A revolutionary new application of an imaging technique to predict the response to chemotherapy before treatment begins was announced today (21 October 2002). Dr Yael Mardor, from the Sheba Medical Centre, Israel, described the preliminary results in mice of the potential use of magnetic resonance imaging (MRI) technology at the European Society for Medical Oncology Congress in Nice, France.
The technique is called 'Diffusion-Weighted Magnetic Resonance Imaging' - DWMRI. It is sensitive to the different characteristics related to the water content of biological tissues. DWMRI has been recently studied in clinical trials as a means to measure the response to therapy after treatment has commenced but, said Dr Mardor, "This is the first time we have been able to demonstrate that it is possible to work out what might happen to a tumour before treatment has begun."
Using DWMRI, the researchers were able to visualise and measure the water characteristics in the tissues of mice with colon carcinoma before and after chemotherapy. They found a significant correlation in the water diffusion properties prior to treatment with the subsequent growth rate of the tumour.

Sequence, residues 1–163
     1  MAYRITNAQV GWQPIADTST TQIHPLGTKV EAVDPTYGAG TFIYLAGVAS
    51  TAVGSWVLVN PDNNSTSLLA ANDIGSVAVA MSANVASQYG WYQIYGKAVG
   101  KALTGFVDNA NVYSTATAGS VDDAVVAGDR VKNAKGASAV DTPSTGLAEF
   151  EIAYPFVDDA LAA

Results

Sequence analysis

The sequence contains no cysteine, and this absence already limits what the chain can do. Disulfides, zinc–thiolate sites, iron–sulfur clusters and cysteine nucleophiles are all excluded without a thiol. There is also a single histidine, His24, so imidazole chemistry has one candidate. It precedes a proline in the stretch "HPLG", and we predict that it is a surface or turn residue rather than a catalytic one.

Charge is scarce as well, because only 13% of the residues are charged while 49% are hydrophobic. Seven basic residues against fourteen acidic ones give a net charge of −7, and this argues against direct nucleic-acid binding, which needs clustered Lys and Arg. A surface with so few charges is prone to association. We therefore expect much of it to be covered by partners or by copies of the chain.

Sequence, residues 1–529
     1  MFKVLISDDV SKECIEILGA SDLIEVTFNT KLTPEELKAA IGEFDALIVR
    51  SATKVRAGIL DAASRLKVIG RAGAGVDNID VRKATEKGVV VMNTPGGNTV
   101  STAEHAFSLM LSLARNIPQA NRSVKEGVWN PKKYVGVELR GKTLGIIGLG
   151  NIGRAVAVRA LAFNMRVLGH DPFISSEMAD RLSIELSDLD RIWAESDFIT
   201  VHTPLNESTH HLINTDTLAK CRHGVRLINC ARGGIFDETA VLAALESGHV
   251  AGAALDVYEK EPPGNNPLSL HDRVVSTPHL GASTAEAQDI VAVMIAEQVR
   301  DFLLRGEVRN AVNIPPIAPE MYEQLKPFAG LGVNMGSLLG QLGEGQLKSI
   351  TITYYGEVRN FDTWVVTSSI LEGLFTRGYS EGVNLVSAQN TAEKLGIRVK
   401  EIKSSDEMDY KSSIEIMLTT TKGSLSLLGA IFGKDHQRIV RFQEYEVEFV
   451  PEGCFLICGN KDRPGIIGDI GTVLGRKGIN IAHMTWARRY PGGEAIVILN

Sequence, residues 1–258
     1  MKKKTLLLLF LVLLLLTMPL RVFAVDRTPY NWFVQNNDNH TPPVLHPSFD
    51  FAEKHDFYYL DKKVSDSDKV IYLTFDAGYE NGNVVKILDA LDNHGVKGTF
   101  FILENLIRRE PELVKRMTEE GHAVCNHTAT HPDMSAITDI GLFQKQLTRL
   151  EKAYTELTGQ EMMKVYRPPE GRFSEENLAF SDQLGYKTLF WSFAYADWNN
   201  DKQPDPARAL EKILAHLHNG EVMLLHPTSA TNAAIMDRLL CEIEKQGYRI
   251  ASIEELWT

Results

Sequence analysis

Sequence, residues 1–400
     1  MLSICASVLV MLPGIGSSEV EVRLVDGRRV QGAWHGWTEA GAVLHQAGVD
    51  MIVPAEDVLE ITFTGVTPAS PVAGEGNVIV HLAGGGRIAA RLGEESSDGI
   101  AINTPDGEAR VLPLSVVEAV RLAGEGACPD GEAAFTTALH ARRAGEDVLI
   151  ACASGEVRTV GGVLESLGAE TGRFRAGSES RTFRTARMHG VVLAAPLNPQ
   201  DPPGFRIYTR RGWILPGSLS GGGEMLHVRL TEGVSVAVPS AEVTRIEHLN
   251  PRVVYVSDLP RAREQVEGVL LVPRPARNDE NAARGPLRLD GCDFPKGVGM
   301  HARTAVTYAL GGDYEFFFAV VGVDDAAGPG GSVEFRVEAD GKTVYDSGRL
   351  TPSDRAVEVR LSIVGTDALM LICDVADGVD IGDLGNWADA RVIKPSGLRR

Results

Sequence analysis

There is a great deal of scientific interest in tissue characterisation for diagnosis and the prognosis of cancer treatment. "In the future, we hope that DWMRI will be a valuable tool in working out the best treatment program for patients with cancer," said Dr Mardor. "We are a long way away yet, but we are working on it."